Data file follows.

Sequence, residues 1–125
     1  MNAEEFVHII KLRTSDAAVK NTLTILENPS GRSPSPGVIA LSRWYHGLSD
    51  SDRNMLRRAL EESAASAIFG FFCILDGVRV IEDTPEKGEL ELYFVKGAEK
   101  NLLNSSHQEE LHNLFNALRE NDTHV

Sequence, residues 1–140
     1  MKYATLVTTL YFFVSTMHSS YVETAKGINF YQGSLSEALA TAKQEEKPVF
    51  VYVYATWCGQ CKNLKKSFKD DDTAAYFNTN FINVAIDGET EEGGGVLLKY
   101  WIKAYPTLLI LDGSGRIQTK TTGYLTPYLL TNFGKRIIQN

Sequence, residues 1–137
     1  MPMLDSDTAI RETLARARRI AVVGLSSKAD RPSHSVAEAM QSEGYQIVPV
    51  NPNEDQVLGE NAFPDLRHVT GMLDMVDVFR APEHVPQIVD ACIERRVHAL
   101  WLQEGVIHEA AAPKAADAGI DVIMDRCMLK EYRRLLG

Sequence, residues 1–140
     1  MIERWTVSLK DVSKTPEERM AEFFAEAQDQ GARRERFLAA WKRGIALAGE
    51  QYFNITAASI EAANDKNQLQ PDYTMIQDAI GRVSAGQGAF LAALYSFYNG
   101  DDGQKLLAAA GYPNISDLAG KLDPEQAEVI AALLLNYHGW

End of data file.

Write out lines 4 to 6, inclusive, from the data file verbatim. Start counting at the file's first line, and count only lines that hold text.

   101  NLLNSSHQEE LHNLFNALRE NDTHV

Sequence, residues 1–140
     1  MKYATLVTTL YFFVSTMHSS YVETAKGINF YQGSLSEALA TAKQEEKPVF